In my Jon Masters thriller series, my protagonist Jon has a friend named Ed Ochoa. Ed is a computer genius and often does some cyber-magic to produce secure, and usually unavailable, information that helps Jon out of a variety of life and death situations. Since I only have rather basic computer skills, I’m often searching the Internet for interesting tidbits of cyber information to dazzle my readers with just enough “computer geek” terms to make the story work and to make it as believable as possible.
Jon’s friend Ed often inserts bits of malware into unsuspecting computers to secure information that should remain . . . well, SECURE! Ed’s help for my protagonist Jon is invaluable because Ed’s cyber-magic allows Jon to cut legal corners and secure information that not only saves Jon’s life at various moments, but also saves the world a good bit of global grief from time to time.
Click on either of these book covers for a story synopsis.
In that spirit, I was most interested to read a recent article which detailed how a team of security experts uncovered flaws in the more commonly used, and most up-to-date, computer chips. These flaws allow hackers (such as Ed) to lift passwords, documents and other supposedly secure data from smartphones, PCs and cloud computing services.
There are two specific flaws, called Meltdown and Spectre, that are causing so much concern in the computer world this year. Both involve critical vulnerabilities in today’s computer processors by allowing an interloper to read secret data from stored files in different ways than before.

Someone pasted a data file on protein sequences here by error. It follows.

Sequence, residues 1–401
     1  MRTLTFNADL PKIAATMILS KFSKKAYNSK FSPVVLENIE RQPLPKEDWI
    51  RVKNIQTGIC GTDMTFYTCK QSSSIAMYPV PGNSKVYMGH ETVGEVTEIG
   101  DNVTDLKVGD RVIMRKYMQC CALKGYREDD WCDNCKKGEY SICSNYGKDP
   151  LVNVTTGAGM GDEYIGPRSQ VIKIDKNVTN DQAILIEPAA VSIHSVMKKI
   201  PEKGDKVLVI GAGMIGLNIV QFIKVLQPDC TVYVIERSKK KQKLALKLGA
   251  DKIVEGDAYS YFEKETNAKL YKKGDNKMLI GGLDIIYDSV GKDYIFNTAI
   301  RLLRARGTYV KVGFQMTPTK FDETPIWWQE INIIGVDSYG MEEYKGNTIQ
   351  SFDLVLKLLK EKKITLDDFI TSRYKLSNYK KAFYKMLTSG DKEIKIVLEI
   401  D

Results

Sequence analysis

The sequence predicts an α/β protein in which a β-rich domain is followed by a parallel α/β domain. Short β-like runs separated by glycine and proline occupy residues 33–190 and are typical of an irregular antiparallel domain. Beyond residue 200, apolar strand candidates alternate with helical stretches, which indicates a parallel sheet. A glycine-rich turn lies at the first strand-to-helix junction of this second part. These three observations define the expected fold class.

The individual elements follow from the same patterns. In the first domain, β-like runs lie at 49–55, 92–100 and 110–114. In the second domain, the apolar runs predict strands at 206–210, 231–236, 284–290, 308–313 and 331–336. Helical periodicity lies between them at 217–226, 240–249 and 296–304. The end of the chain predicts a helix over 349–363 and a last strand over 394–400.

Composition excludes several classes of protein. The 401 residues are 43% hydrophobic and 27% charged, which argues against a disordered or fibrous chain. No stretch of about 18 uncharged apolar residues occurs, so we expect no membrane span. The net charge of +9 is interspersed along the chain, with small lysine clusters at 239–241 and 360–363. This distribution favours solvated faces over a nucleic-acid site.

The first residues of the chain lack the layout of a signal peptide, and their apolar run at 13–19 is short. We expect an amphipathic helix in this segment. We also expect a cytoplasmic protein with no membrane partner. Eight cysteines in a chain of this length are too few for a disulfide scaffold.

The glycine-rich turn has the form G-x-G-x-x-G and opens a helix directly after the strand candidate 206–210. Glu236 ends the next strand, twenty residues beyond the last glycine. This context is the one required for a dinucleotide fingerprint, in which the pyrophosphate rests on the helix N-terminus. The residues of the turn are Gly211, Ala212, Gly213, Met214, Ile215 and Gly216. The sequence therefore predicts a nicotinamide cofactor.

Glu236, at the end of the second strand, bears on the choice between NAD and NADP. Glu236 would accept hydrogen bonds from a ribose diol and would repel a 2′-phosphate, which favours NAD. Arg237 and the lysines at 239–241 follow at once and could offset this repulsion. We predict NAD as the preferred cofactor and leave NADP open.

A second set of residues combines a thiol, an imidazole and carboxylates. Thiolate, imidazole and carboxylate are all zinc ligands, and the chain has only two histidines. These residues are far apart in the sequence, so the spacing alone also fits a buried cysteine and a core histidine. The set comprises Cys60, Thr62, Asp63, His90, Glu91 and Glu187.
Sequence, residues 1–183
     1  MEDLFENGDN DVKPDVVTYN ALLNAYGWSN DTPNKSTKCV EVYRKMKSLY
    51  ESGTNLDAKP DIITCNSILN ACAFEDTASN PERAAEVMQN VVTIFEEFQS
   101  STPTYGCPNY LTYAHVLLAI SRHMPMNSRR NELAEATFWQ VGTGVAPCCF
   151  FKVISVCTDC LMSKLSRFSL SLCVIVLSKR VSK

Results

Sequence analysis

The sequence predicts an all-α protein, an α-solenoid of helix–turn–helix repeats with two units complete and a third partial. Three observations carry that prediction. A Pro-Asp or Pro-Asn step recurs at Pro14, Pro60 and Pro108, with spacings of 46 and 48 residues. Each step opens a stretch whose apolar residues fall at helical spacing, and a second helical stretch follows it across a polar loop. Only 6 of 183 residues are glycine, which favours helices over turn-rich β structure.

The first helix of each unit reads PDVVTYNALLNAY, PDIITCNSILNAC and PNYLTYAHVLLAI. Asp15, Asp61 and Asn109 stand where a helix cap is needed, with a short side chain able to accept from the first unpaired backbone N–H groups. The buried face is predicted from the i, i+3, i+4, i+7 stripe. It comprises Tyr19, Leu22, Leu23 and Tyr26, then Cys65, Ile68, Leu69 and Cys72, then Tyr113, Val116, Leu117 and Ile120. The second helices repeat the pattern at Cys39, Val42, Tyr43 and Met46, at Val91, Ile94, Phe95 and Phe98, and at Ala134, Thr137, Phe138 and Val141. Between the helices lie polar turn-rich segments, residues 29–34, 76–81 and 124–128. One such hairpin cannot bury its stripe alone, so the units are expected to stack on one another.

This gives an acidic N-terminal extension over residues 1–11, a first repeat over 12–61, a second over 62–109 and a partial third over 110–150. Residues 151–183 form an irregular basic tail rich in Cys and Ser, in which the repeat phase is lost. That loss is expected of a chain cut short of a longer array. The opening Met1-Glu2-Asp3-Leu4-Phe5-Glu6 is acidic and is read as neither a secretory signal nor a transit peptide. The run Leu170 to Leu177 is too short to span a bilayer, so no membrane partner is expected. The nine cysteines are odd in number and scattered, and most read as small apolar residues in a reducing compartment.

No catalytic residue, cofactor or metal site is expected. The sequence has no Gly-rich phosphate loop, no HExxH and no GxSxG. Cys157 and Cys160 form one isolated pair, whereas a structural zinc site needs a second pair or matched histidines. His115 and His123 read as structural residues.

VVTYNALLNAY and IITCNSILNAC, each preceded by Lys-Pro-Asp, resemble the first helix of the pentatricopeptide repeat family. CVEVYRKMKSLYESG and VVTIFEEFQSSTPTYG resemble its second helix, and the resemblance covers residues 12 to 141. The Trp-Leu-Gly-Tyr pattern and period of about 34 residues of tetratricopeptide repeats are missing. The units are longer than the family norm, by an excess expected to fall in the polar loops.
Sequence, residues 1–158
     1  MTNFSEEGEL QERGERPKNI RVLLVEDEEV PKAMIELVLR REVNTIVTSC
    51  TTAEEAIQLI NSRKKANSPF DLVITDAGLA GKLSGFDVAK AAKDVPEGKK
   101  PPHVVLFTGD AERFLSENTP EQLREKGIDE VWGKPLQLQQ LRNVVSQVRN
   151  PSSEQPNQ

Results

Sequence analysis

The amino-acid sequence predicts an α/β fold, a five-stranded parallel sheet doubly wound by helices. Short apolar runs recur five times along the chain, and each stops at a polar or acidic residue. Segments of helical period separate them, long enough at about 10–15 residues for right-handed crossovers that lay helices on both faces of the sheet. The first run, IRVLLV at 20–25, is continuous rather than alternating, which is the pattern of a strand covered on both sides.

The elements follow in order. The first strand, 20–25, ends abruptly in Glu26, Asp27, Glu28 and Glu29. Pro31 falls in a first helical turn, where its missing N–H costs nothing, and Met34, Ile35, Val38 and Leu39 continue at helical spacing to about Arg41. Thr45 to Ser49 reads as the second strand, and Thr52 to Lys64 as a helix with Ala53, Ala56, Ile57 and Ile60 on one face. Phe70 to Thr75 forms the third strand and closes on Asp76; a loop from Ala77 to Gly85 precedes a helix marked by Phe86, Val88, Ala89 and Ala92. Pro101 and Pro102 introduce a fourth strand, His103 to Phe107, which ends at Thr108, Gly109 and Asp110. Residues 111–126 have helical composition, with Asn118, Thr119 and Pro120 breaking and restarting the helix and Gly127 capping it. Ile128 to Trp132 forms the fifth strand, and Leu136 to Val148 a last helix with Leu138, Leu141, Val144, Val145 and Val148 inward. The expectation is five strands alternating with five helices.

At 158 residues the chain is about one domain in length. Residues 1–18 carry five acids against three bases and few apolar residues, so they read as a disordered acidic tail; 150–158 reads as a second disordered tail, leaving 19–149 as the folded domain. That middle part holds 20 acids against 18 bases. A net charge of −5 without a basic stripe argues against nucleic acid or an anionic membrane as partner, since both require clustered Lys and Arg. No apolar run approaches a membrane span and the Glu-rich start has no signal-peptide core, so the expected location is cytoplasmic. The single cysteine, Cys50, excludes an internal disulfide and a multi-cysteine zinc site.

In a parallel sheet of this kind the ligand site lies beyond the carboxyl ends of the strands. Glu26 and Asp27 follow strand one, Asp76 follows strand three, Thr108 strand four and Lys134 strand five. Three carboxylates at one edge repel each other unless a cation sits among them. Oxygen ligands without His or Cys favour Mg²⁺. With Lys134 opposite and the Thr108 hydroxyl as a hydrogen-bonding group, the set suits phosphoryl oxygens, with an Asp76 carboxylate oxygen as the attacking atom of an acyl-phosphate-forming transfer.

Both Meltdown and Spectre take advantage of the way computer chips are designed. In and of themselves, Meltdown and Spectre are not malware but rather basic flaws in computer chip technology that allow malicious hackers to use malware to exploit these critical vulnerabilities.
I thought I’d share this information, especially for writers who rely on any form of computer hacking in their storylines. You can be sure that I will tuck this information safely away (alas, maybe not on my computer) for use in a future thriller plot.
Meltdown breaks down the most fundamental walls between user applications and the operating system such that an attacker could use malicious software to easily access computer memory for sensitive data.
Spectre, on the other hand, breaks down the walls between different applications to allow an attacker to trick programs that are considered safe and error-free into releasing their secrets. My computer-savvy character Ed does just that by introducing “Trojan Horse” technology into secure databanks not only to access information but to trick the computers into sending back updated information on a regular basis.
According to what I’ve read about malware that can take advantage of the Spectre chip flaw, the safety checks of accepted best practices for computer security significantly increase the cyber-attack area (the computer chip data surface area, if you will). This makes computer applications more susceptible to the Spectre flaw. It’s said that, although the Spectre flaw is harder to exploit than Meltdown, it is also more difficult to mitigate without specific software patches.
So, for a more believable storyline that may involve computer hacking (or “shortcuts” as my protagonist Jon and his friend Ed would call them), check out Meltdown and Spectre for more tips on computer vulnerabilities.
Thoughts? Comments? I’d love to hear them!